Lord Lytton was irritated by this first check. He warned the Amir, through the Peshawar Commissioner, that he was rendering nugatory the friendly intentions of the Viceroy, and was voluntarily isolating Afghan•istans from the alliance and support of the British Government.
1 Letter of the Commissioner of Peshawar to the Amir of Kabul, dated May 6, 1876.
3 The Amir's Letter, dated May 22, 1876.
aine, ed fromnir replied that
Lord Lytton's wisest Councillors disapproved of the attitude he had assumed. Sir William Muir, Sir Henry Norman, and Sir Arthur Hobhouse, all maintained, that Sher Ali was within his right in refusing to receive an English Mission; that the reasons assigned by him were substantial; and that the reply of the British Government was almost equivalent to a threat of war. And they added that the Amir knew the real object of the Mission ; and it was not dealing with him fairly if the aim of keeping a perinanent Mission at Kabul was concealed from him.
The Amir replied to the Peshawar Commissioner's letter. He suggested that the British Agent at Kabul, Atta Muhammad, should come to India, explain the state of affairs at Kabul, and know the wishes of the British Government. Lord Lytton accepted this suggestion.
Atta Muhammad arrived at Simla on October 6, 1876. He explained to Sir Lewis Pelly the views of the Amir at length; and he expressed the Amir's fears that the temporary British Mission would merge into a permanent one. This was exactly what Lord Salisbury and Lord Lytton had intended. Lord Lytton was annoyed at this fresh check. In his interview with the Agent he could scarcely refrain from threats. “The British Government,” he said, “could only assist those who valued its assistance.” “If the Amir did not desire to come to a speedy understanding with us, Russia did, and she desired it at his expense.” “The British Government was able to pour an overwhelming force into Afghanistan.” “If the Amir remained our friend, this military power could be spread around him as a ring of iron ; if he became our enemy, it could break him as a reed.” The Amir pretended “to hold the balance between England and Russia." But the Amir was only an “ earthen pipkin between two iron pots.”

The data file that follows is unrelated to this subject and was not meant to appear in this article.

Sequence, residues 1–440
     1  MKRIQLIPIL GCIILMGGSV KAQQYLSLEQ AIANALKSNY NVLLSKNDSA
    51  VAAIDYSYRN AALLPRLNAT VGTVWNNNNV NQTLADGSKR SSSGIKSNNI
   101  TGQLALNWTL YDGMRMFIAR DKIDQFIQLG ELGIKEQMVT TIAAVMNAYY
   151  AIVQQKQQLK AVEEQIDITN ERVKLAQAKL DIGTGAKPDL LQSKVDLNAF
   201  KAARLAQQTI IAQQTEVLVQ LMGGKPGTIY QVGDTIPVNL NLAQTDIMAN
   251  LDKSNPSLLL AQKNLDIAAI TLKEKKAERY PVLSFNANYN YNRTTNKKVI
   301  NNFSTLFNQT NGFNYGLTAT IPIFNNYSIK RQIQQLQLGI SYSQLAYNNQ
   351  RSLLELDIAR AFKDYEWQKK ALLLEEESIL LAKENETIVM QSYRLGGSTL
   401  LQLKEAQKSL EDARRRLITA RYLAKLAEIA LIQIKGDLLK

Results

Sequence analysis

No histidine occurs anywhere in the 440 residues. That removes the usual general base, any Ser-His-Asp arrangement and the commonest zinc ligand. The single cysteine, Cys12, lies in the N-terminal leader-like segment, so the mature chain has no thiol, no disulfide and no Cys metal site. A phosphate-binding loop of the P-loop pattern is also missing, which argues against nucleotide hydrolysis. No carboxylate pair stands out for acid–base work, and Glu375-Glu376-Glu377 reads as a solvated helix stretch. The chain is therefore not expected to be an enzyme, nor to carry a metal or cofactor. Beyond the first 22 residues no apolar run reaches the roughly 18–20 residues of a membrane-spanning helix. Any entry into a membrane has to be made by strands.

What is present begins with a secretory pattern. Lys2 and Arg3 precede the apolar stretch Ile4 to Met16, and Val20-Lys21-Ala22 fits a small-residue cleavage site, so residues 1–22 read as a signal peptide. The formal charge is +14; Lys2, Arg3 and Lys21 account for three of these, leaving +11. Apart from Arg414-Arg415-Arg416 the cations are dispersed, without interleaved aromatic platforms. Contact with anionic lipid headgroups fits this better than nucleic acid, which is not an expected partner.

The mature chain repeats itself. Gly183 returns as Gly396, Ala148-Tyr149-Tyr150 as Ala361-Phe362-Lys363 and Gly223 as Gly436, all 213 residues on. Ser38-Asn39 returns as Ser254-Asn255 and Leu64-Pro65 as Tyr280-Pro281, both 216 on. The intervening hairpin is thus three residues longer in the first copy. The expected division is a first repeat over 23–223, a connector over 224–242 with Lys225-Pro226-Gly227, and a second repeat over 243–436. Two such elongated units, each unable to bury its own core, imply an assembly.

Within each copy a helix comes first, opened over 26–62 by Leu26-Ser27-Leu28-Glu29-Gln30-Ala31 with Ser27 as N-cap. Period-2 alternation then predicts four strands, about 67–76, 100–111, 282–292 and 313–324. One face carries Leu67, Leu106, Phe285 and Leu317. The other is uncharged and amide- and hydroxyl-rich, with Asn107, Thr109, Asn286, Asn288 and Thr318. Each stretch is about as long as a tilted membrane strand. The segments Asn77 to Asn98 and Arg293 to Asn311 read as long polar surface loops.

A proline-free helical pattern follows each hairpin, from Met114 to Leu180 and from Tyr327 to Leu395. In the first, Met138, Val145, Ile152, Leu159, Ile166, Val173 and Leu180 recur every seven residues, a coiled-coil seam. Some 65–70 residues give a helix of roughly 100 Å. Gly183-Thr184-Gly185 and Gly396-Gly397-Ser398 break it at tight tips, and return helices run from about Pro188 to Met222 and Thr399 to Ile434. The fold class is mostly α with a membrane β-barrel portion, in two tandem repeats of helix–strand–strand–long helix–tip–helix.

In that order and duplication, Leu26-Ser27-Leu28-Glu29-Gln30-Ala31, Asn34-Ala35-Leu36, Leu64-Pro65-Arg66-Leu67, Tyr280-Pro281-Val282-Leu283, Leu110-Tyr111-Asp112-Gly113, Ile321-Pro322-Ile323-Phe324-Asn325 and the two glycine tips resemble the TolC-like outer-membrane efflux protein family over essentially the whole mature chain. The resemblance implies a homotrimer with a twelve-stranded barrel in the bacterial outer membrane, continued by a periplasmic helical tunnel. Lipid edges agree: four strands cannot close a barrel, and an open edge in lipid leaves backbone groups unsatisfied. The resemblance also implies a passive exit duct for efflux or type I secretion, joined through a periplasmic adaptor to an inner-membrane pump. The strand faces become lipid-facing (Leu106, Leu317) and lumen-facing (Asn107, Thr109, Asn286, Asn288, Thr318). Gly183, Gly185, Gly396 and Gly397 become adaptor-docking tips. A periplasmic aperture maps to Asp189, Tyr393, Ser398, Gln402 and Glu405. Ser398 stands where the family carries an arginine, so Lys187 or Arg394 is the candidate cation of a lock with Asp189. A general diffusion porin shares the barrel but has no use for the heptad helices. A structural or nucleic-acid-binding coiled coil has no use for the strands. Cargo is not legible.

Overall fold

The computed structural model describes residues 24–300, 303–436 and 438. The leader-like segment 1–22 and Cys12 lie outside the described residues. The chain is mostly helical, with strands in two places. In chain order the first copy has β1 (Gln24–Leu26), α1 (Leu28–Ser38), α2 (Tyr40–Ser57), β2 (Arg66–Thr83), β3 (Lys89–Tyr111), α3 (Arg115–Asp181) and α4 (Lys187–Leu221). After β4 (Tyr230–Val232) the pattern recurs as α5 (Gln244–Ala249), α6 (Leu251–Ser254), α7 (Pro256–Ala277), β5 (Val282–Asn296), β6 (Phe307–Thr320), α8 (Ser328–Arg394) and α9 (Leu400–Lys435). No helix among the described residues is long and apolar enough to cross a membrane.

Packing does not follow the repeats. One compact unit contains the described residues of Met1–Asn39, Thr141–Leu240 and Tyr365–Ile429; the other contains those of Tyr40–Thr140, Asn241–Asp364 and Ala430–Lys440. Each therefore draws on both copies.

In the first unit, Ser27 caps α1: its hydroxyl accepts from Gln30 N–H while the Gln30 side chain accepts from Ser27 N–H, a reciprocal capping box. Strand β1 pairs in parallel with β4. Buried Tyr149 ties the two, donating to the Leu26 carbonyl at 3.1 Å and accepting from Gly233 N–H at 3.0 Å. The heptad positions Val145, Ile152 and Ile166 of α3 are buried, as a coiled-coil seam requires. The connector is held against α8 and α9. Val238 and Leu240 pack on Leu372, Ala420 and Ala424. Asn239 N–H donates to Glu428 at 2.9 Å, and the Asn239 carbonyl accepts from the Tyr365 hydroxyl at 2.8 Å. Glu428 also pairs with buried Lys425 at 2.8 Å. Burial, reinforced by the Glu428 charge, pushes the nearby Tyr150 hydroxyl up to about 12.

i The Amir's reply, received on Sept. 3, 1876.
Atta Muhammad was dismissed with a letter for the Amir, an aide-memoire for his own guidance, a watch and chain, and a present of £1000. No results followed, for Sher Ali was wide awake.
More tangible results were secured in Beluchistan. Lord Northbrook had sent Major Sandeman to settle the disputes between the Khan of Khelat and his Chiefs, and to open the trade route of the Bolan Pass which had been practically closed owing to these disputes. Major Sandeman, known and honoured all along the frontier, settled the disputes and opened the trade route. His terms of agreement were accepted by the Khan of Khelat and his Chiefs, and were ratified on oath in open Darbar. Had Lord Northbrook been still in office, Major Sandeman would have retired from Beluchistan after achieving these results; but it was Lord Lytton's policy that the British force should stay. He sent his favourite military adviser, Colonel Colley, with a secret treaty; and the sixth article of the treaty provided for the permanent occupation of the Khan's territory by a British military force. The Khan of Khelat signed the treaty, and Quetta was permanently occupied by British troops. “The Khan of Khelat," wrote Lord Lytton to the Queen, “ has agreed to sign with me a treaty, the terms of which will make us virtually masters of Khelat.” I The treaty was executed at Jacobabad on December 8, 1876.
Having thus secured a foothold in the south of Afghanistan, Lord Lytton made his preparations on the eastern side of that kingdom. Colonel Lumsden had advocated the British occupation of the Kurm and Khost valleys ; but Lord Lawrence had rejected the proposal. Lumsden's scheme, however, had attractions for Lord Lytton. The road from Rawal Pindi to Kohat was repaired; Cavagnari was sent to the Kurm River with orders to select a site for a military camp; and the Commander-in-chief was directed to be in readiness to . i Lord Lytton's letter to the Queen, dated November 15, 1876.